Merkel Reclaims Role of EU Anchor in Outline of Her 2018 Agenda

German Chancellor Angela Merkel said she’ll team up with France to hold the European Union together and pledged to her form next government “without delay.”
In a New Year’s Eve speech to the nation, Merkel outlined a vision for her fourth term that includes an alliance with French President Emmanuel Macron to strengthen Europe’s economic clout and control migration, while upholding values of tolerance and pluralism within the EU and abroad.
“Twenty-seven countries in Europe must be impelled more strongly than ever to remain a community,” Merkel said in a copy of the speech provided by her office in advance of the televised address on Sunday. “That will be the decisive question of the next few years. Germany and France want to work together to make it succeed.”
Merkel’s effort to combine the strengths of the euro area’s two biggest economies has been hamstrung by Germany’s longest post-election party deadlock since World War II, which has left her a caretaker chancellor since September. Exploratory talks on renewing her coalition with the Social Democrats are due to start on Jan. 7.

‘Stable Government’

After a poll this week suggested that Germans increasingly don’t want Merkel, 63, to serve another full term, the chancellor sought to put her stamp on the political debate. Merkel said she’s committed to forming “a stable government for Germany without delay in the new year.”
That’s likely to be more difficult than in the past, especially after Merkel’s attempt to create a coalition with the Free Democratic Party and the Greens collapsed in November. After serving as Merkel’s junior partner for eight of her 12 years in office, voter support for the Social Democrats slumped to a postwar low in September.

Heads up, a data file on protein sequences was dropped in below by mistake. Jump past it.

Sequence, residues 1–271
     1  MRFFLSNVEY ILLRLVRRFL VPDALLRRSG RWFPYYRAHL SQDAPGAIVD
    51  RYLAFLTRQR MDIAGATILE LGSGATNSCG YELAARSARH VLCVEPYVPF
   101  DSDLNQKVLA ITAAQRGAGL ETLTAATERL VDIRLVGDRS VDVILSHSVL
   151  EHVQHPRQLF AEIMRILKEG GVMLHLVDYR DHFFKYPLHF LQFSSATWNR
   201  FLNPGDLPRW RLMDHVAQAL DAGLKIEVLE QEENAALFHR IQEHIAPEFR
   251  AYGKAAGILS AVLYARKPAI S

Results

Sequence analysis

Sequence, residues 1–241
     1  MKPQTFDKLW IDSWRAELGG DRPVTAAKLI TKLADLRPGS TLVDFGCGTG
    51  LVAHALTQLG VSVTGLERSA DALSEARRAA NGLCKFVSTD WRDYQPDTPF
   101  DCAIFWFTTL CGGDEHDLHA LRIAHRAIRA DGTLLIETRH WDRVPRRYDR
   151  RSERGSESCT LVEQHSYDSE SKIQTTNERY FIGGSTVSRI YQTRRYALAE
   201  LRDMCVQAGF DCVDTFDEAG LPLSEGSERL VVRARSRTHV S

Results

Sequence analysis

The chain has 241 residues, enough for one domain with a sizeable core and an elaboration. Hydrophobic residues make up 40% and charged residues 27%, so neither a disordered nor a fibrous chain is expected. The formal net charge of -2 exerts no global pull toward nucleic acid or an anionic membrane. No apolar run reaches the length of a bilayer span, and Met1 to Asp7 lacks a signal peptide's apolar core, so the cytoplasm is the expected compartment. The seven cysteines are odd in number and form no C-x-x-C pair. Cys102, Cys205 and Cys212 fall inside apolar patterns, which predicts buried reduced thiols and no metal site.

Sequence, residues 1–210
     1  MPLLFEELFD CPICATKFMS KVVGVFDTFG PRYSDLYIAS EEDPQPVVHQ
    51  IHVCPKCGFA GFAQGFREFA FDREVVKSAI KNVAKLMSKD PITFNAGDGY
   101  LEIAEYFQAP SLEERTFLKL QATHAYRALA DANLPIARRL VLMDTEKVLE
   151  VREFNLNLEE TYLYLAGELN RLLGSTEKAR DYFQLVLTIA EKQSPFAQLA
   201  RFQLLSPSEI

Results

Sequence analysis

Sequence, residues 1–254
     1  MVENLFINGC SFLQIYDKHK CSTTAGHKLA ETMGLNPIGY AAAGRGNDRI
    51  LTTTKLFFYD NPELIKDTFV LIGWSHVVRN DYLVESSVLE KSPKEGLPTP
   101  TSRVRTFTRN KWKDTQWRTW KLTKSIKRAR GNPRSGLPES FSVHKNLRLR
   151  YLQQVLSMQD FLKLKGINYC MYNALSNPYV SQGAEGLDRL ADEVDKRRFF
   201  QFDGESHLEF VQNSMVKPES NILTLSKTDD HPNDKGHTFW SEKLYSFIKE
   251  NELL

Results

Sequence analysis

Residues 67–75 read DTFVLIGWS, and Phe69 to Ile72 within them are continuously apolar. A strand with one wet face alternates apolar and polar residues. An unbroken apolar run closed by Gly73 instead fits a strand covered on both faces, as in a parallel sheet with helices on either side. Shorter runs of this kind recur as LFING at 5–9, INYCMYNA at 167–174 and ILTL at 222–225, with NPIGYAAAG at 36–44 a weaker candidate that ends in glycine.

Wolfgang Schaeuble, the former finance minister who’s now president of Germany’s lower house, told Berlin’s Tagesspiegel newspaper that a stable alliance with the SPD is preferable, though governing without a parliamentary majority would be an option if talks with the Social Democrats fail.

Looking back on a year that brought a far-right party into parliament for the first time since the early years after World War II, Merkel acknowledged a growing divide between the winners of Germany’s economic boom and those left behind who worry about crime, violence and migration.
“Both are realities in our country: success and confidence, but also fears and doubts,” Merkel said. “Both are sources of motivation for me.”
More than half of the supporters of both Merkel’s CDU-CSU bloc and the SPD expect them to agree on another “grand coalition” of the two biggest parties, according to a Dec. 19-21 YouGov poll of 2,036 people. Even so, 47 percent want Merkel to step down before the end of the four-year mandate her party won in September, up from 36 percent in October, according to the survey published Wednesday.